However, the Anglo-Saxons were not always helpless in the face of Viking raids. The chronicles recorded several instances where local ealdormen led attacks on Viking raiders who hung around longer than was wise. Later, Alfred the Great greatly improved the defensive capabilities of many communities which were vulnerable to raids from the neighbouring Danelaw area.


Your question implies population as a reason for the raids.Population was only one of several factors explaining why the Vikings attacked England (and other areas). At least equally important was the growth in power of Norwegian and Danish elites at home; they rewarded their supporters with land which meant that lesser chieftains and warriors had to seek glory and wealth outside their own lands.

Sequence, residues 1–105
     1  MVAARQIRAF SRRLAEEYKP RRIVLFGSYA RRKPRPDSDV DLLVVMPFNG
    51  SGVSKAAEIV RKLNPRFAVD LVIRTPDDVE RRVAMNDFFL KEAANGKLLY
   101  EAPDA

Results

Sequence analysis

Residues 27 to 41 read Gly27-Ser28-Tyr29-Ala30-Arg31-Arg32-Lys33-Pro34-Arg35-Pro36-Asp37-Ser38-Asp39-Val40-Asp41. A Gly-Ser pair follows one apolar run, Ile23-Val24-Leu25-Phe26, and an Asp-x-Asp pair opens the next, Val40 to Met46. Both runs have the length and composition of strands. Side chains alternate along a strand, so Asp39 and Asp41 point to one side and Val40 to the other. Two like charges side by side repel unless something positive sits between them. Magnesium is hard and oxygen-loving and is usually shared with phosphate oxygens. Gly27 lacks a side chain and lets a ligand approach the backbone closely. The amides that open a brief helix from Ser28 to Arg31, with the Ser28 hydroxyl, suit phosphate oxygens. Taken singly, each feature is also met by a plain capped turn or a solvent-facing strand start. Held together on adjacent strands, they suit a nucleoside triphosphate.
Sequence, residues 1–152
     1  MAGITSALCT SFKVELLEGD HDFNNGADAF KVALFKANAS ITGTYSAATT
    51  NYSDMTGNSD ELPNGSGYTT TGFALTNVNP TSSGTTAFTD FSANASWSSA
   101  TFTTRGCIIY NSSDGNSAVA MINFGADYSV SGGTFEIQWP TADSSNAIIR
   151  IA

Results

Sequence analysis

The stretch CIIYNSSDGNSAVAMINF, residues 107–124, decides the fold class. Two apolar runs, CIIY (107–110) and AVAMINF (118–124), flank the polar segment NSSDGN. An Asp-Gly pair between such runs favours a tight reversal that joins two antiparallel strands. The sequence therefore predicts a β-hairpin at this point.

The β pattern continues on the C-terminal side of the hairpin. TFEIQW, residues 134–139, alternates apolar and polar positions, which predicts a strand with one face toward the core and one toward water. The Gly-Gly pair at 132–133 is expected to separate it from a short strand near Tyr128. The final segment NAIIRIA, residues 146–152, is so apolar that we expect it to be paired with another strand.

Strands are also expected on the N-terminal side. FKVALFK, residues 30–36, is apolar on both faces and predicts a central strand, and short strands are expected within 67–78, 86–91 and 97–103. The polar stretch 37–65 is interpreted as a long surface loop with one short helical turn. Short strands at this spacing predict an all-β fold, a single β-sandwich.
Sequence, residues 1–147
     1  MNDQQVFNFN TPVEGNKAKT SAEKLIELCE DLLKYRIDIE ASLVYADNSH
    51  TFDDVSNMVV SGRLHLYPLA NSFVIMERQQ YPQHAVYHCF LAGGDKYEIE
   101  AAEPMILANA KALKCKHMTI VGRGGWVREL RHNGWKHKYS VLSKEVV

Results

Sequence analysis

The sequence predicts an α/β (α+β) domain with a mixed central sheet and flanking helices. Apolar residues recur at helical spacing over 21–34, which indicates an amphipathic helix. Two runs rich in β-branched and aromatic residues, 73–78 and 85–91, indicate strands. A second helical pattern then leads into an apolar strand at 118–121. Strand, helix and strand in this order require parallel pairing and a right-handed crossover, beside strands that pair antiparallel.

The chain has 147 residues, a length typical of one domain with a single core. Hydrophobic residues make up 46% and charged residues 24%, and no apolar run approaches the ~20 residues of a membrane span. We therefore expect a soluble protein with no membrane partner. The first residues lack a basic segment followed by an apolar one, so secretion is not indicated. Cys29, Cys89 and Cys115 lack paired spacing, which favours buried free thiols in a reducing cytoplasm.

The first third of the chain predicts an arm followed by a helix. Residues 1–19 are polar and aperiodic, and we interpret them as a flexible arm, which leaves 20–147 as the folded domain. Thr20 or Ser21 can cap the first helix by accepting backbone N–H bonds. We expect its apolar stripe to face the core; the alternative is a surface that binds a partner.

Firstly, the word viking does not refer to a culture, it particularly means raider. Scandinavians 'went viking'. When it comes to raping, pillaging and burning; "the less, the merrier". One lord with his small band of warriors (no one keeps a large army on the payroll) leisurely loots a place and shares it. The Saxons don't have a fearsome force of professional soldiers nearby and they have an easy time. The Danes weren't all that unified either. A lot of earls behaved as kings in their own right. They came first to raid (as 'Vikings'), and then to take land. It was for personal gain most of the time, they rarely had an actual king ordering them around in this case. The Danes only came together in truly unified strength under a leader when campaigning. Even then, you'd only see a large army around the time of a battle. Of course, like the Saxons, they became more organized later when their enemy became a real threat and they had to hold onto the land tighter. This was done on the most part by occupying burhs. The burh was Alfred's brilliant strategy to keeping the Danes at bay. Danes occupied them too, and they were where the strength of each side was.